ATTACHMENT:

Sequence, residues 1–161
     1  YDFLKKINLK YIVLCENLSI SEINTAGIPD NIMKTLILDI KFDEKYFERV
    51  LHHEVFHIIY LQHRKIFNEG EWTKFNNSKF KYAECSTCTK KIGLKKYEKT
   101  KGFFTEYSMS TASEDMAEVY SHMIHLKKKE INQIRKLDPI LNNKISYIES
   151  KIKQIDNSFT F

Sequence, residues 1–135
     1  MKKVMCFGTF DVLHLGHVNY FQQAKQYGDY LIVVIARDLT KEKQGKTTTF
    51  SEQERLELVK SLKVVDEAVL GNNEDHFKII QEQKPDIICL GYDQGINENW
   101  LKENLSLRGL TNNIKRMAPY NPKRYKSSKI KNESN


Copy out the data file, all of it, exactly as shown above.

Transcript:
Sequence, residues 1–161
     1  YDFLKKINLK YIVLCENLSI SEINTAGIPD NIMKTLILDI KFDEKYFERV
    51  LHHEVFHIIY LQHRKIFNEG EWTKFNNSKF KYAECSTCTK KIGLKKYEKT
   101  KGFFTEYSMS TASEDMAEVY SHMIHLKKKE INQIRKLDPI LNNKISYIES
   151  KIKQIDNSFT F

Sequence, residues 1–135
     1  MKKVMCFGTF DVLHLGHVNY FQQAKQYGDY LIVVIARDLT KEKQGKTTTF
    51  SEQERLELVK SLKVVDEAVL GNNEDHFKII QEQKPDIICL GYDQGINENW
   101  LKENLSLRGL TNNIKRMAPY NPKRYKSSKI KNESN